Either the e-mail could be trashed; or it could be forwarded back to both the service and law enforcement; or it could be flagged as having a problem. Perhaps the end-user would have the option to make the decision.


    Legal defense of phishers has no foundation


    Of course this is censorship: It is denying criminals the tools to get access to information they are otherwise not able to get through lawful means.

    It’s not free speech to commit crimes. It is free speech to share ideas how to combat criminal activity.

    And I’d like to have a system set up so that the services can quickly provide directly to me information that is important. This isn’t advertising. It’s called infrastructure protection.


    Enterprise solutions


    The enterprise solutions to this problem would be to establish e-mail systems that accommodate parallel feeds. E-mail platforms do more than simply provide e-mail.

    They could also be configured to provide parallel feeds. Not just emergency communication to combat phishers, but also provide valuable content.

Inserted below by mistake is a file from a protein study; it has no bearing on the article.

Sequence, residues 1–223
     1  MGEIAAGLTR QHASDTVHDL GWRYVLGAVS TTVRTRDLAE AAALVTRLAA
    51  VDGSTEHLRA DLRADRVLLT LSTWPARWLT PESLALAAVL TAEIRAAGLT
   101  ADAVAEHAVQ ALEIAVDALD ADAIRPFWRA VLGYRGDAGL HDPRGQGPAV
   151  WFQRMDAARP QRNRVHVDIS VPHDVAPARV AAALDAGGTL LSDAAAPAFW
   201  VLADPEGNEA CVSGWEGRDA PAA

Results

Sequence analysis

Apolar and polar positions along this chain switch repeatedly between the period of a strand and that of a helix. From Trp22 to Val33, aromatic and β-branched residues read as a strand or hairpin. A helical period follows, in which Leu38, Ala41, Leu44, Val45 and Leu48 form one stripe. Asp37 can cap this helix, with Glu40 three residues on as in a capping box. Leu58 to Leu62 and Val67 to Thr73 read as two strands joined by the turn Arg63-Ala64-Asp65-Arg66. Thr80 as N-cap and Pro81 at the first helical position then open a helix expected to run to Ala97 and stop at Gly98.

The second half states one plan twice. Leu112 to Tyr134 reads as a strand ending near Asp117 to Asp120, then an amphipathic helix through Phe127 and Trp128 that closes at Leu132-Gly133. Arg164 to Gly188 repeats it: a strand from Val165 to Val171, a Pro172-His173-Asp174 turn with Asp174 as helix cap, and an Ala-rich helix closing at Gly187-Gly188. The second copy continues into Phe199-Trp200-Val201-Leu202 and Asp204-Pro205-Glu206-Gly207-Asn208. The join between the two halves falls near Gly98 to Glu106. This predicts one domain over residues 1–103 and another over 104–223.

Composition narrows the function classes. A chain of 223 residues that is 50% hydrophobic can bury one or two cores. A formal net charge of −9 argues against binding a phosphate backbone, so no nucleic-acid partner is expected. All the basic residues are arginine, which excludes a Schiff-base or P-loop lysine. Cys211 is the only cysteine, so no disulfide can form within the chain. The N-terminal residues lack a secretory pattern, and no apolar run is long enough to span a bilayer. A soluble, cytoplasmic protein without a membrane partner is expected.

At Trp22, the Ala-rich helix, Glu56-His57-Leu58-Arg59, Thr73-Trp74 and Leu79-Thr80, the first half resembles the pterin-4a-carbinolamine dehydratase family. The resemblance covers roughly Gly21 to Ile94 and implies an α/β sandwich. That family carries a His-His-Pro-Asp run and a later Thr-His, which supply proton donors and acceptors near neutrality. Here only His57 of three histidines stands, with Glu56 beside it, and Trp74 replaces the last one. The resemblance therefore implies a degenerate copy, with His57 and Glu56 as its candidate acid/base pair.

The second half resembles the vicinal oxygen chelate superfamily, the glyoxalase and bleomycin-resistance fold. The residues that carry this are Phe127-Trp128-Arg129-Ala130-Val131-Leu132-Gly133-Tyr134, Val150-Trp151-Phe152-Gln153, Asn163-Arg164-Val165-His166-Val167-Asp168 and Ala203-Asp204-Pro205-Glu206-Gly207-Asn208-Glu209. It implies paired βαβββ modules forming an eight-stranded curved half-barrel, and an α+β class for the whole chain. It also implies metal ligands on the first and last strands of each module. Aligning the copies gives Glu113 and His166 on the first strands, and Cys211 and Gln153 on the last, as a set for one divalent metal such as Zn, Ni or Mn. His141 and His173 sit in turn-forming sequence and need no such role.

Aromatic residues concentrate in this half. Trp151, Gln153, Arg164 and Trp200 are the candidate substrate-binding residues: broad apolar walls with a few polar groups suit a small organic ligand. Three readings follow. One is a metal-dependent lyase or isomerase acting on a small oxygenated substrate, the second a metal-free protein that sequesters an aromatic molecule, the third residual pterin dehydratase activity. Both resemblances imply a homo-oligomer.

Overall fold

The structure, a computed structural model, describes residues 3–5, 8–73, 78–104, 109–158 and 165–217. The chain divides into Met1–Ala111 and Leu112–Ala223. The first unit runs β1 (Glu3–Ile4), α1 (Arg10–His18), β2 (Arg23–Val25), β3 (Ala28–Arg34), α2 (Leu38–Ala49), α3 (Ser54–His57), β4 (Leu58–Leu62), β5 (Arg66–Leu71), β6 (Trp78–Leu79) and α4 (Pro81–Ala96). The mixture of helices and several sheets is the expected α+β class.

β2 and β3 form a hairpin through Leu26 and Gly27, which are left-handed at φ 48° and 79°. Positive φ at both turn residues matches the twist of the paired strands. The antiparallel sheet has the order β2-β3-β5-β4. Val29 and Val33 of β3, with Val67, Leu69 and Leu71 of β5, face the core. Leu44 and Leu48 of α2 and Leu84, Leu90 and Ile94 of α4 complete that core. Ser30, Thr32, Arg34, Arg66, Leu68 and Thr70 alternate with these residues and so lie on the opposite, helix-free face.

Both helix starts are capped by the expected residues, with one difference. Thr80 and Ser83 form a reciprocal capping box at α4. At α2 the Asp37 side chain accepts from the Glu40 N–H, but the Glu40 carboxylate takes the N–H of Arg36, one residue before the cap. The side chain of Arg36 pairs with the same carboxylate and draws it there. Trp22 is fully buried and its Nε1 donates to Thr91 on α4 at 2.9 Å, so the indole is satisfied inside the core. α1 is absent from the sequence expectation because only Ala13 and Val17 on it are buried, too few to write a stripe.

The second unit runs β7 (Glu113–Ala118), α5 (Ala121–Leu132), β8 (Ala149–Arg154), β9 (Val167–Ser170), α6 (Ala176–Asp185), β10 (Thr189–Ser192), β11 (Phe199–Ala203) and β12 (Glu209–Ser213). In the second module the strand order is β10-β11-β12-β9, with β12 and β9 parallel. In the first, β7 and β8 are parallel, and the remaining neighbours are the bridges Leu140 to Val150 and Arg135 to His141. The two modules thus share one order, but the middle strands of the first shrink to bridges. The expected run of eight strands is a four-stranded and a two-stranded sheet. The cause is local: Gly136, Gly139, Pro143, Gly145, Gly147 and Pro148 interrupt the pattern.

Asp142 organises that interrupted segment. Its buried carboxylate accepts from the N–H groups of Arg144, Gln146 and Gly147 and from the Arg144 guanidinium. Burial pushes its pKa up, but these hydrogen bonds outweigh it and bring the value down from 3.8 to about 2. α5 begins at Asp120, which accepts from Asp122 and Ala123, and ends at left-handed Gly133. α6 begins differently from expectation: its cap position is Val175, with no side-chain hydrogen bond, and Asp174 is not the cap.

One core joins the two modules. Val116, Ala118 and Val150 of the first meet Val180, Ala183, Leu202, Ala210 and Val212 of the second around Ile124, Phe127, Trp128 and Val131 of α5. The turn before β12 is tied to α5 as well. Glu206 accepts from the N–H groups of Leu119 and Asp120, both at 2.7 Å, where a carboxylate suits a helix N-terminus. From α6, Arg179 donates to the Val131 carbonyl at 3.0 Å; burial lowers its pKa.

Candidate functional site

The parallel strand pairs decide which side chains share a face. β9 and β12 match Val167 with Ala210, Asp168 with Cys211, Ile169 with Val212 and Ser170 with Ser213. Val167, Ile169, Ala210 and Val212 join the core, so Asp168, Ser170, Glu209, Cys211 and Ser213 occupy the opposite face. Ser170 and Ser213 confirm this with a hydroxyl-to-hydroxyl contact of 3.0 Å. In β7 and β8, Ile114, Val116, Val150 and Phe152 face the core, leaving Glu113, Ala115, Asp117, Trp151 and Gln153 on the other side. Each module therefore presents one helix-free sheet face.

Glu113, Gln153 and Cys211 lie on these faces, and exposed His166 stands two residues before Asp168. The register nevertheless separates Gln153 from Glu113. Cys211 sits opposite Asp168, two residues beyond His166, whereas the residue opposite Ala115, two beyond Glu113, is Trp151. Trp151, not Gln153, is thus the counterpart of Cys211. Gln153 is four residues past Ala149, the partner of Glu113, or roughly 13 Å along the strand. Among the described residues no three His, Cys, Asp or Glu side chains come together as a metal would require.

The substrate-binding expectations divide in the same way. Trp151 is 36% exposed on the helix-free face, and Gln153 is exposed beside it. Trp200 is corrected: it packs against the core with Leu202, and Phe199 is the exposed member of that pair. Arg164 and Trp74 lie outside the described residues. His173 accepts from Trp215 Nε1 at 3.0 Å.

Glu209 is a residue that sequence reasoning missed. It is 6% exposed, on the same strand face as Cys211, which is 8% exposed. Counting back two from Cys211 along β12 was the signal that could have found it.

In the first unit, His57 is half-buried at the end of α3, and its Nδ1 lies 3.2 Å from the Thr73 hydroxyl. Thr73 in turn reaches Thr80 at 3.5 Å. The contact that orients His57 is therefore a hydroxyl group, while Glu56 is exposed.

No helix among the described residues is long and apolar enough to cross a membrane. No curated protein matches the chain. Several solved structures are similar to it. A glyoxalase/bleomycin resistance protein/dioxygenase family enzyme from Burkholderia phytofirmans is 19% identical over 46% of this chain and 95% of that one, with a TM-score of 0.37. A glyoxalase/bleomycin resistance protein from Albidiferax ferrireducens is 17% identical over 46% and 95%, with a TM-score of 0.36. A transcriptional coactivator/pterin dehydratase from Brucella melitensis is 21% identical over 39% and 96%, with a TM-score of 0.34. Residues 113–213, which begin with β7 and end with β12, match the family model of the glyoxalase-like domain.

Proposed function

Aggregators and e-mail may quickly become integrated. Will the aggregators incorporate e-mail before e-mail providers being providing parallel feeds? Perhaps we may see some mergers between the e-mail platforms and aggregators.



    Summary


    The phishers have many tools. But XML can also be an emergency broadcast system. The services could set up a parallel feed. Content providers could have automated systems to require matching to occur before content is read.

    The airways have the emergency broadcast system. It overrides all other communication. If there are phishers in the area, I’d like the services to have tools to alert the users that there is a problem.

    Also, in the event that a new phishing attack occurs, the services with the parallel feeds could provide a direct message to readers that there is a problem.

    XML will defeat the phishers. phishers will be defeated more quickly when e-mail providers and aggregators combine forces.


    LEGAL NOTICE


    Creative Commons License

    This work is licensed under a Creative Commons License.

    You may not copy any of this work to promote a commercial product on any site or medium in the universe.